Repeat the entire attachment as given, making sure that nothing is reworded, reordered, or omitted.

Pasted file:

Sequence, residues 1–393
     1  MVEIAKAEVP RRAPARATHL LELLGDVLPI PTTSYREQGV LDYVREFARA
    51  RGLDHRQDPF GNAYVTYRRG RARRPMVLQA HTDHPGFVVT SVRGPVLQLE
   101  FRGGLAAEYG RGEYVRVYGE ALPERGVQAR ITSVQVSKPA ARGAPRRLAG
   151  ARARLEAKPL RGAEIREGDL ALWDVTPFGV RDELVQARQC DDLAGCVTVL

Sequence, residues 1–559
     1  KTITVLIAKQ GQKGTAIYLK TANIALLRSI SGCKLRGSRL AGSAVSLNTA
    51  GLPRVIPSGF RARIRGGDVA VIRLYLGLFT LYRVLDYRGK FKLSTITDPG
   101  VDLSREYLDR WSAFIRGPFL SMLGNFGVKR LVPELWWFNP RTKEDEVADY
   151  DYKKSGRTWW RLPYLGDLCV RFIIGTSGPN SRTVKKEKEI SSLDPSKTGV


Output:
Sequence, residues 1–393
     1  MVEIAKAEVP RRAPARATHL LELLGDVLPI PTTSYREQGV LDYVREFARA
    51  RGLDHRQDPF GNAYVTYRRG RARRPMVLQA HTDHPGFVVT SVRGPVLQLE
   101  FRGGLAAEYG RGEYVRVYGE ALPERGVQAR ITSVQVSKPA ARGAPRRLAG
   151  ARARLEAKPL RGAEIREGDL ALWDVTPFGV RDELVQARQC DDLAGCVTVL

Sequence, residues 1–559
     1  KTITVLIAKQ GQKGTAIYLK TANIALLRSI SGCKLRGSRL AGSAVSLNTA
    51  GLPRVIPSGF RARIRGGDVA VIRLYLGLFT LYRVLDYRGK FKLSTITDPG
   101  VDLSREYLDR WSAFIRGPFL SMLGNFGVKR LVPELWWFNP RTKEDEVADY
   151  DYKKSGRTWW RLPYLGDLCV RFIIGTSGPN SRTVKKEKEI SSLDPSKTGV